Posted on: March 6, 2010 8:56 pm
Edited on: March 9, 2010 7:36 pm
The NCAA approved beverage was still flowing and the East Tennesse State Buccaneers were still celebrating their second straight Atlantic Sun championship when the NCAA’s interim president, Jim Isch, issued a statement condemning the possible expansion to 96 tournament teams and, shockingly, endorsing a retraction.
According to the statement, released only to CBS, the powerful minds at the NCAA saw the back-and-forth tussle between fifth-seeded ETSU and sixth-seeded Mercer for exactly what it was - an example how the college game can drastically differ from the NBA. And, to them, they couldn’t be more appalled.
“You know, I was sitting at home watching this game,” Irsch wrote, “and somewhere between Mercer’s bow-tied student manager stomping his feet and ETSU rushing the court in celebration, I said ‘Jim, this isn’t what college athletics is supposed to be like’. It was just too amateur.”
Under Irsch’s plan, devised during the Atlantic Sun tournament that pitted two teams with a combined 17 conference losses, the NCAA will now aim to make March Madness mirror the BCS bowl system. The top 10 teams in the country will earn a trip to the yet to be named five-game finale, with the last being a matchup between two teams determined to be the best by a group of guys who play March Madness on Xbox Live. According to Irsch, this is a fan-friendly plan that gives college basketball nuts what they want - the stars of tomorrow on their TV today.
“Every year, we sludge through this lengthy tournament full of teams that don’t have draft picks and that can‘t move jersey sales. Why? It’s just crazy. I mean, under this wacky system, East Tennessee State actually has a chance to win the national title,” Irsch said. “Are you kidding me? Those guys couldn’t cut it in the NBDL. It‘s really absurd.”
For now, though, the system remains the same, meaning East Tennessee State and coach Murray Bartow have a chance at the national title for the second straight year after winning the Atlantic Sun title. And, as they proved in Macon, anything is possible.
Posted on: February 24, 2010 4:06 pm
Edited on: March 9, 2010 7:55 pm
By Thomas Beisner
As we continue to fight Mother Nature's wrath (and potentially brace for the worst yet this weekend), anticipation continues to grow as the road trip crew gets set to visit the Dean Dome tonight. Coming off of trips to Kansas and Kentucky, history is the word on everyone's minds and Chapel Hill shouldn't disappoint.
The powers that be at UNC were also so moved that they've declared tonight a Michael Jordan appreciation night of sorts and will sport special white and silver Jordan brand jersies for their shakedown with Florida State....according to John Henson's Twitter account. You can see the uniforms (and, conveniently enough, buy them) here. I don't see mysel running out to get one but, in rivalry fairness, they're not as hideous as Duke's subtle graphic uniforms that have been putting the "Jersey" in jersey for a few years now.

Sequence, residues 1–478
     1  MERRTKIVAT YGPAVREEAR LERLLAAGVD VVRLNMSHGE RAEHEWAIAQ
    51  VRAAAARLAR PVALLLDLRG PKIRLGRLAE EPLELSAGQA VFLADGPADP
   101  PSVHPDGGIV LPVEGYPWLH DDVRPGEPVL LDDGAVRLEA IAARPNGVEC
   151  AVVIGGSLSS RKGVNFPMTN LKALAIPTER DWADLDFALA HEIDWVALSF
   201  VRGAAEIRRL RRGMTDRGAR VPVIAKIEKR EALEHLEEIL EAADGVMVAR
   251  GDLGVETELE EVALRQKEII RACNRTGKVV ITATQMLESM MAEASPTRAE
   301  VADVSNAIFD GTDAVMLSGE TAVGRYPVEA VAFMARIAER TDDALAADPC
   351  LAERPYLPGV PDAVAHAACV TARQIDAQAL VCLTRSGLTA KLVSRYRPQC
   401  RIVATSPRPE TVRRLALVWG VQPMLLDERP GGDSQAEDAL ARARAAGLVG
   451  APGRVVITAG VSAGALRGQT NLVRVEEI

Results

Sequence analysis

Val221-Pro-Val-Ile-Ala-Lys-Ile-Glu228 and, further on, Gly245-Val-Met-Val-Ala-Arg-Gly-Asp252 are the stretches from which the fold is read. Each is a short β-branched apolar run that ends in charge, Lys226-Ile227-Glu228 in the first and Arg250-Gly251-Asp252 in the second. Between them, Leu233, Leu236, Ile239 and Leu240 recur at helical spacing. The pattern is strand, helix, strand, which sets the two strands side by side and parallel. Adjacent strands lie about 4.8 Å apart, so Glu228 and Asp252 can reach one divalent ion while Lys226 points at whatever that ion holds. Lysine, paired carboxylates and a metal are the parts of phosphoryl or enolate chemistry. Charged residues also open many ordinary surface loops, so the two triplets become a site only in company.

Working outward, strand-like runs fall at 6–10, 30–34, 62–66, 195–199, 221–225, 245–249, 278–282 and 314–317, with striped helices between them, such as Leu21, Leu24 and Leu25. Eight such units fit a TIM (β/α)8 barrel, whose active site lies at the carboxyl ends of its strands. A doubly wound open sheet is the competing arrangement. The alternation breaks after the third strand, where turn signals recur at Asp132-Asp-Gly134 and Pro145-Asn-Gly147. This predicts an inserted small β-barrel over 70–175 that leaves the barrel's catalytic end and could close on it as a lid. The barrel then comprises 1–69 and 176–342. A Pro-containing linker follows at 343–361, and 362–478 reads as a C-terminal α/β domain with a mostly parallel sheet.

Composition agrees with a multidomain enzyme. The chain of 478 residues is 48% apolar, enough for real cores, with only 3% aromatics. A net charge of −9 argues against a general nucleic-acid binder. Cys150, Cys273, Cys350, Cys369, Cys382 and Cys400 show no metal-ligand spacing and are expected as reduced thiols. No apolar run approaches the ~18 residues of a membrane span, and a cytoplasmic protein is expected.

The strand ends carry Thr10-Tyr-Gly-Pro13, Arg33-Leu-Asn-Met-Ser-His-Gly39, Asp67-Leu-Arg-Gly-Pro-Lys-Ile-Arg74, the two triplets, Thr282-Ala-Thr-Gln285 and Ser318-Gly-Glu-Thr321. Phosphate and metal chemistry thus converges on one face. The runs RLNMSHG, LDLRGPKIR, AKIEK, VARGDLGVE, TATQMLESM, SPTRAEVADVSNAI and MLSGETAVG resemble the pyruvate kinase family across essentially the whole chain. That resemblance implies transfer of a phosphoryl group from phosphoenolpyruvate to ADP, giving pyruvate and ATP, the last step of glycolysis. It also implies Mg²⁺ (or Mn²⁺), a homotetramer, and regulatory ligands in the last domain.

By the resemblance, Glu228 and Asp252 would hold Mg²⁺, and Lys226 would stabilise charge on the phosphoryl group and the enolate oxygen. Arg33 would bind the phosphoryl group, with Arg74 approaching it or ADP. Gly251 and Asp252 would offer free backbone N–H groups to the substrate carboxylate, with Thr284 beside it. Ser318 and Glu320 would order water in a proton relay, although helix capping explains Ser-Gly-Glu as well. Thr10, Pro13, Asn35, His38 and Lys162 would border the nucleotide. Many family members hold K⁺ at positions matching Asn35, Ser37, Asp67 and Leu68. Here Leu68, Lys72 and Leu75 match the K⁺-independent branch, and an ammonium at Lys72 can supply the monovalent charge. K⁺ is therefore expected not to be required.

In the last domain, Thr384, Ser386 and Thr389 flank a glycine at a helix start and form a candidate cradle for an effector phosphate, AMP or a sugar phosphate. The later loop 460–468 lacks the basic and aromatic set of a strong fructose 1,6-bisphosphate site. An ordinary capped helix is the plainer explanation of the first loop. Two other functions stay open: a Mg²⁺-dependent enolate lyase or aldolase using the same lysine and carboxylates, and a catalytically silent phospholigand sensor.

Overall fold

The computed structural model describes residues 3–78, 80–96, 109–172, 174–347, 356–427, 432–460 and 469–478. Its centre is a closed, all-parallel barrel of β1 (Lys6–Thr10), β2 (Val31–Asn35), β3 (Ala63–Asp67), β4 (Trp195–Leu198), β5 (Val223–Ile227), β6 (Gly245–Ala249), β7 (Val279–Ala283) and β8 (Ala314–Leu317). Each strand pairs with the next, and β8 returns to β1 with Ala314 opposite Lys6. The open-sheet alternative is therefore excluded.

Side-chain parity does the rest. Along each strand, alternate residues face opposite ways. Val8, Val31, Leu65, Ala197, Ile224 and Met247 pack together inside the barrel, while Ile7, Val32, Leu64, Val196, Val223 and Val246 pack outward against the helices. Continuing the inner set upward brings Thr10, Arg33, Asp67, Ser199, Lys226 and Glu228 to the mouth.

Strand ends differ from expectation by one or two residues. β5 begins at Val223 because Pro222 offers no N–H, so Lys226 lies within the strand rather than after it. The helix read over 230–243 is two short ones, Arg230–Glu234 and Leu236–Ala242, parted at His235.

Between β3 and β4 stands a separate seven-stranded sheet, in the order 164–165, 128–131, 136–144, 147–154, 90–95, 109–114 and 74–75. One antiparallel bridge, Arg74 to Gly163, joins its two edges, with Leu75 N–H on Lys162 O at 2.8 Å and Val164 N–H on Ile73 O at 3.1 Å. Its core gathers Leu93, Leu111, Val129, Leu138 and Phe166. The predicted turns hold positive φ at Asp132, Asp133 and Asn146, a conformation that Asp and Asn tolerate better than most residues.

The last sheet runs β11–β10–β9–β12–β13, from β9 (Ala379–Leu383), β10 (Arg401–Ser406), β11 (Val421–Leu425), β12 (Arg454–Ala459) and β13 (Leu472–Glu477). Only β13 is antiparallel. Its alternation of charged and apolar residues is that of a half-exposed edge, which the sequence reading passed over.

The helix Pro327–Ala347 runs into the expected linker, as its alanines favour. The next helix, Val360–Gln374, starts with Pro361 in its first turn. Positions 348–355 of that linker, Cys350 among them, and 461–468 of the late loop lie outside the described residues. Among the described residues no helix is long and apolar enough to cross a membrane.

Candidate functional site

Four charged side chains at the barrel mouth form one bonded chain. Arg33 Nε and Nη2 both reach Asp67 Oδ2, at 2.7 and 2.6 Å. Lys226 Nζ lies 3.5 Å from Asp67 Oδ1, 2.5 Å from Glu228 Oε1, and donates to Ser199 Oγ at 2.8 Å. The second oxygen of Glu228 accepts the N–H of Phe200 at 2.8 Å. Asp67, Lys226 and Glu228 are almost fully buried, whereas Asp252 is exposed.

UNC, we see your generous move of pomp and circumstance and it is appreciated. Much like you'll see us. Hiding in a laundry hamper after the game trying to steal one. Though, that probably won't be as appreciated.
Chapel Hill, let's do this.
Posted on: February 23, 2010 10:51 am
Edited on: March 9, 2010 8:42 pm
By Thomas Beisner
Outside of Heidi Montag’s body, there was no more absurdly rapid transformation in the past 11 months than what transpired in Lexington, Ky. When John Calipari accepted the Kentucky job on March 31, 2009, he kissed the babies and smiled with UK legends and called it his “dream job”.
The reality was, though, the Kentucky program was in shambles, coming off their first NIT appearance in 30 years and sporting a roster nearly void of talent and morale after two years of The Billy Gillispie Experiment. In only two years, Gillispie not only tarnished the basketball reputation of the Wildcats with losses to schools like Gardner-Webb and San Diego, he alienated an entire fanbase with his tough-guy routine and mental warfare. Even the most optimistic Wildcat fan knew that Kentucky was not Kentucky anymore. On the court and off the court, Kentucky needed a miracle.
For the Cats, that miracle was John Calipari.
Though the wins have come at a clip that likely surprises even the most blue-blooded Kentucky homer, that's only part of the story of Calipari's success in Lexington. What Kentucky fans really needed was a renewed bond with their team and Calipari had to be the guy to deliver that. Calipari's daunting task was as much about basketball as it was community development. It's also one that he's tackled flawlessly in his short time heading the Wildcat program.
From hiring former Kentucky heroes Scott Padgett and Tony Delk as assistants to traveling from border to border to meet with fans in every town, burg and holler, Calipari has welcomed Kentucky fans to again feel close with their basketball team.
And that’s why people in Kentucky are calling this team “special” – a word that carries heavy reverence in the Bluegrass.
Sure, people are like Patrick Patterson for what he’s done the past two and a half seasons on the court. But UK fans love him for things like giving a stranded woman a ride home for no other reason than it was the right thing to do.
It’s not just that John Wall is a late-game superhero as a freshman, it’s that he sports the highest GPA on the team and an “aw, shucks” humility fitting of a walk-on, calling everyone “sir” or “ma’am”. Also, it doesn't hurt that an impromptu dance inspired celebrity imitations, Photoshopped pictures (Part 1 and Part 2) and had 80-year olds in Pikeville humming "Ice Cream Paint Job".